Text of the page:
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Re: ACTION-273: Multiple First Parties

From: Rigo Wenning <rigo@w3.org>
Date: Wed, 07 Nov 2012 18:06:19 +0100
To: public-tracking@w3.org
Cc: Rob Sherman <robsherman@fb.com>
Message-ID: <1606590.ic2bpuGYo7@bluebunny>
Rob and I had a nice discussion. I maintain that "common branding" and "user 
perception" are bad criteria to determine whether a party on a site is a first 
party. Imagine doubleclick now saying: "This lucky ad was brought to you by 
Doubleclick" in their banner. This would fit the criteria. 

On the other hand, I wasn't capable of coming up with something that would 
work (as I don't believe in 1st/3rd party distinction anyway, which is known). 
So while I may disagree, it is the best Rob and I could come up with. Thus no 
objection from my side to go ahead. 


On Wednesday 07 November 2012 16:18:24 Rob Sherman wrote:
> This text reflects proposed text for Section, with a textual
> change that I received and adding language to clarify the status of
> "simple" web plugins.  With this draft, I suggest that the status of
> ACTION-273 be changed to "pending review."
> * * *
> Multiple First Parties
> For many websites, there will be only one party that the average user would
> expect to communicate with: the provider of the website the user has
> visited. But, for other websites, users may expect to communicate with more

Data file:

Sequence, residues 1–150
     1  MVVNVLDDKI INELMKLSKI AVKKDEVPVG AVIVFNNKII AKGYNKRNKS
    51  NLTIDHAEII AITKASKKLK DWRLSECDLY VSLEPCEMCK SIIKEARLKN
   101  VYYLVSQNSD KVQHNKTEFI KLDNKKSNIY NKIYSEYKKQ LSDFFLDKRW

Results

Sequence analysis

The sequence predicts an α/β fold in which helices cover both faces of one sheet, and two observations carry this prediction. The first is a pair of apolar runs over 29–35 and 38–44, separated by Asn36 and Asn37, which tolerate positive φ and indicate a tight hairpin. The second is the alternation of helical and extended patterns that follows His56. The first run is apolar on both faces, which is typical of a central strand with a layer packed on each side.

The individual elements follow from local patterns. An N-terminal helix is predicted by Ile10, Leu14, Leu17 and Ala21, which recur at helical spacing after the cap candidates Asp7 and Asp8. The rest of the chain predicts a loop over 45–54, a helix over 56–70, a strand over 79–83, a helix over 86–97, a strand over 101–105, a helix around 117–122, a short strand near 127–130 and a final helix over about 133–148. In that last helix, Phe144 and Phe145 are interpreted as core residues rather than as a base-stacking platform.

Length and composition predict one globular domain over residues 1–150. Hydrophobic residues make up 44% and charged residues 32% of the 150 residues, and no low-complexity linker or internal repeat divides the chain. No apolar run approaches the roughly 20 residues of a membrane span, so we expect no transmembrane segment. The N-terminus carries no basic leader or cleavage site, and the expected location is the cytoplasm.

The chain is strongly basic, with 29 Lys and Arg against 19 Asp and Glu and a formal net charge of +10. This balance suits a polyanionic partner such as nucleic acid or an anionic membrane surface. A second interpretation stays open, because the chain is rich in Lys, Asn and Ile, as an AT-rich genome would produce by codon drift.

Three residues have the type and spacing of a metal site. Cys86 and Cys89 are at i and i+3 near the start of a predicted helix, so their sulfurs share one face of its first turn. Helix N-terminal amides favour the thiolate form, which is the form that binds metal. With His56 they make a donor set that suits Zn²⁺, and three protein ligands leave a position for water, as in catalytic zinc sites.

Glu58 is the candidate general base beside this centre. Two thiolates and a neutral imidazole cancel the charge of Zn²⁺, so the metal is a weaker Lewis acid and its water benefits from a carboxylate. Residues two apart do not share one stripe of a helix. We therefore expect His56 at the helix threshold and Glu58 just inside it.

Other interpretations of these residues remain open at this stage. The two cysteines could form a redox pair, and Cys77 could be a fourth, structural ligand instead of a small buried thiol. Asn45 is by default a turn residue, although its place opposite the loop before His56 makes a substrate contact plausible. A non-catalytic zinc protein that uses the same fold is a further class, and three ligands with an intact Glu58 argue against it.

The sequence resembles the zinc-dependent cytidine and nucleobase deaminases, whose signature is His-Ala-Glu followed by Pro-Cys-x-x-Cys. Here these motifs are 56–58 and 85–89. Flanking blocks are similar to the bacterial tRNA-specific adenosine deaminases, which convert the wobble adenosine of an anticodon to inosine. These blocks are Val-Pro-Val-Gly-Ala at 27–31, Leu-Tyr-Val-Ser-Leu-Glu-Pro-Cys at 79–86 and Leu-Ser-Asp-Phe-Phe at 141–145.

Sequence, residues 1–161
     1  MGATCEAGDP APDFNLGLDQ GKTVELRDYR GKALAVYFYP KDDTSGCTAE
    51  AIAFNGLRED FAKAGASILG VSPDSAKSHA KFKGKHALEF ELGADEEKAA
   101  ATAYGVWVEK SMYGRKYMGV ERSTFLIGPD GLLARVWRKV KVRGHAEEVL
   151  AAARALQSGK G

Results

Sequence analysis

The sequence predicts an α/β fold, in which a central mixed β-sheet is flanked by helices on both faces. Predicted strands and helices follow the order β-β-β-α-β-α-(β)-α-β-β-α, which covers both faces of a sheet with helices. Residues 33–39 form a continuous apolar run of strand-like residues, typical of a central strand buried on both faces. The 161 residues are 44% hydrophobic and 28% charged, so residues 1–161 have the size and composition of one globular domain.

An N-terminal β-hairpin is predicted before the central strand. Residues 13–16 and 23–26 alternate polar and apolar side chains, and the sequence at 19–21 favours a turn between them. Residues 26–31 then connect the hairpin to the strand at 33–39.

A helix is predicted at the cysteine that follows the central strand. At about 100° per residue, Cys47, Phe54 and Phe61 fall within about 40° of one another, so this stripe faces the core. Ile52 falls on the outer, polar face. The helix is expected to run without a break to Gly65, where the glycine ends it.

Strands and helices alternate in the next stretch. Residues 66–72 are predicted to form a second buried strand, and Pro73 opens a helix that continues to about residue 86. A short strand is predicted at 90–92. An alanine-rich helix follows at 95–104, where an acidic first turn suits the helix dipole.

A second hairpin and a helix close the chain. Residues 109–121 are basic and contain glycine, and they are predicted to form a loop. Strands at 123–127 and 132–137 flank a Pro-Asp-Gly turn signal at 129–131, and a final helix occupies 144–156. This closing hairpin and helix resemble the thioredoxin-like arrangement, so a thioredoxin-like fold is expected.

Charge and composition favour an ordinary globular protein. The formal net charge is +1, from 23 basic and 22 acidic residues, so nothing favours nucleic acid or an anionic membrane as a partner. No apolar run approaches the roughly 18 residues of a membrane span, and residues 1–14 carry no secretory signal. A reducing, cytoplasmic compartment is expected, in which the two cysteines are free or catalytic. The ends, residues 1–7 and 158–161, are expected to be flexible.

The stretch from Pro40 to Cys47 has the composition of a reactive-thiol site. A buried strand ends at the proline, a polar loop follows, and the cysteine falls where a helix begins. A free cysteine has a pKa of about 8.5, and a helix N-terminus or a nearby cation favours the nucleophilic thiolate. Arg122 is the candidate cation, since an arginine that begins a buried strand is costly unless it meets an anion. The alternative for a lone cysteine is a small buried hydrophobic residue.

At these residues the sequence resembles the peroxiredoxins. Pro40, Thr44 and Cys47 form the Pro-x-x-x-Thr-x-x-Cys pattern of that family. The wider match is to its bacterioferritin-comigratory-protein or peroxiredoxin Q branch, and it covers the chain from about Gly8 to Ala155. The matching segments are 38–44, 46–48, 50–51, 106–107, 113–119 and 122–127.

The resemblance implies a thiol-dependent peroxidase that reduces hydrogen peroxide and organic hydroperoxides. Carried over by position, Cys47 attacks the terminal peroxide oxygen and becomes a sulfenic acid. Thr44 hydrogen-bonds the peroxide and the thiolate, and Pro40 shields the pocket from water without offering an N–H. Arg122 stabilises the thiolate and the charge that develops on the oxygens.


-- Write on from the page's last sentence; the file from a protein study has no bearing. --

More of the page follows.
> than one party.  In these instances, a party will be deemed a first party
> on a particular website if it concludes that a user would reasonably expect
> to communicate with it using the website.
> URIs, branding, the presence of privacy policies or other disclosures that
> specifically identify a party, and the extent to which a party provides
> meaningful content or functionality on the website, may contribute to, but
> are not necessarily determinative of, user perceptions about whether a
> website is provided by more than one party.
> Example: Example Sports, a well-known sports league, collaborates with
> Example Streaming, a well-known streaming video website, to provide content
> on a sports-themed video streaming website. The website is prominently
> advertised and branded as being provided by both Example Sports and
> ExampleStreaming. An ordinary user who visits the website may recognize
> that it isoperated by both Example Sports and Example Streaming.  Both
> Example Sports and Example Streaming are first parties.
> Example: Example Sports has a dedicated page on a Example Social, a social
> networking website. The page is branded with both Example Sports’ name and
> logo and Example Social’s name and logo.  Both Example Sports’ name and
> Example Social’s names appear in the URI for the page.  When a user visits
> this dedicated page, both Example Sports and Example Social are first
> parties.
> Example:  Example Fan Club operates a sports fan website that posts articles
> about sports teams.  Example Streaming provides an embeddable widget that
> allows the display of a video from a sports game.  Example Fan Club embeds
> this widget at the bottom of one of its articles.  The website does not
> identify Example Streaming in the URI, includes no Example Streaming
> branding, and does not refer to the Example Streaming privacy policy.  The
> only functionality that Example Streaming provides on the website is the
> display of the video through its widget.  Consistent with the standard
> described in section, Example Fan Club is a first party and
> Example Streaming is a third party.
> Rob Sherman
> Facebook | Manager, Privacy and Public Policy
> 1155 F Street, NW Suite 475 | Washington, DC 20004
> office 202.370.5147 | mobile 202.257.3901
Received on Wednesday, 7 November 2012 17:06:55 UTC

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